ATF allowed firearms to “walk” under previous incarnation of Fast and Furious
Paul Joseph Watson
Tuesday, October 18, 2011
During an appearance on CBS News’ Face the Nation on Sunday, House Oversight and Government Reform Committee Chairman Rep. Darrell Issa acknowledged that an almost identical program to Fast and Furious, in which the federal government trafficked guns directly to suspected criminals, existed under the Bush administration.
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Issa’s comments about a similar program being operational under the Bush administration appear at the 3:50 mark.
“We know that, under the Bush administration, there were similar operations, but they were coordinated with Mexico,” Issa, R-Calif., said. “They made every effort to keep their eyes on the weapons the whole time. So we’re not, per se, saying that tracing weapons is a bad idea.”
Based out of Arizona, the Bush-era program ran from 2006 to the end of 2007 and was dubbed “Operation Wide Receiver.” Similarly to Fast and Furious, the Bureau of Alcohol, Tobacco, Firearms and Explosives allowed firearms to “walk” to suspected gun traffickers without them being interdicted.
Democrats will obviously cite the fact that an almost identical program was up and running during the Bush administration as a way to try and absolve the Obama administration and particularly Attorney General Eric Holder of blame for Fast and Furious.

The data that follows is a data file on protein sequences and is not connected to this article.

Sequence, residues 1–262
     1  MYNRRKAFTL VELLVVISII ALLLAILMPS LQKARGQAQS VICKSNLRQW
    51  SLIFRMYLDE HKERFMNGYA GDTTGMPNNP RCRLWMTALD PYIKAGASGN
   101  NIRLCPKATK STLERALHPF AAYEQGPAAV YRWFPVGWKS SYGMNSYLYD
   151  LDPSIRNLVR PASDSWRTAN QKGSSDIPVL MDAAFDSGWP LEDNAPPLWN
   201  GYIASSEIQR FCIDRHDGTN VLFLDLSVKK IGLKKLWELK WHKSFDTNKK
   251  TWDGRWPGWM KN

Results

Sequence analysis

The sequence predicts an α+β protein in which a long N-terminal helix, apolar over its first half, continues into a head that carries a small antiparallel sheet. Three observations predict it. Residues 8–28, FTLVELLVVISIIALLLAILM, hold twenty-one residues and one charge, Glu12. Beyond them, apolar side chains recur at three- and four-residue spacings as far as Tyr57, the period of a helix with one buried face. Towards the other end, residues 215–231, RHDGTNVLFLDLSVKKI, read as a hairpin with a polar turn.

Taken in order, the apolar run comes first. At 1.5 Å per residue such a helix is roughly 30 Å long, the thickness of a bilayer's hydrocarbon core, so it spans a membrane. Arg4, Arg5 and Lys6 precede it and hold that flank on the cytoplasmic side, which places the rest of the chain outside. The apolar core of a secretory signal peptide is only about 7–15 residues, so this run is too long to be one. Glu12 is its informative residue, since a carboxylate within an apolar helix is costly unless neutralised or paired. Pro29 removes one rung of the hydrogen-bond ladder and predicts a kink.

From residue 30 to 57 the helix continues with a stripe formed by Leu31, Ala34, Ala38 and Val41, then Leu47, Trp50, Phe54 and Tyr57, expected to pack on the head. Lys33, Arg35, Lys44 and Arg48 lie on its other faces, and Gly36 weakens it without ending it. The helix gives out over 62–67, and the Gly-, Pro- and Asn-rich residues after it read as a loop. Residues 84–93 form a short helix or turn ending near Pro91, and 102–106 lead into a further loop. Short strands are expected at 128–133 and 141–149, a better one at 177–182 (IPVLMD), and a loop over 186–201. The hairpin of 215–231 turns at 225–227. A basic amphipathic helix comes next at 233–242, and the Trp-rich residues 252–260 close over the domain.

Indeed, Maryland Democrat Elijah Cummings immediately highlighted Issa’s comments to claim that Fast and Furious was a “local issue that never got to higher-ups,” and that AG Holder was unaware of its existence.
However, contrary to his Congressional testimony, records show that Holder was sent briefings on Fast and Furious by both Assistant Attorney General Lanny Breuer and the National Drug Intelligence Center in July 2010, almost a year before he told a Judiciary Committee hearing, “I’m not sure of the exact date, but I probably heard about Fast and Furious for the first time over the last few weeks.”
However, what this really tells us is that there was a continuation of policy and a mere passing of the baton, with the ATF not letting a presidential election get in the way of business as usual.
The only real difference under the Obama administration is that prior to the program being publicly exposed, Obama exploited it as a method through which to demonize the second amendment by claiming that Mexican drug lords were sourcing their guns from the United States, while hiding the fact that this was a result of the federal government delivering truck loads to drug gangs directly.
This was likely what Obama was referring to during a March 30 meeting between Jim and Sarah Brady and White House Press Secretary Jay Carney, at which Obama “dropped in,” when he told Brady that the administration was “working on” gun control “under the radar”.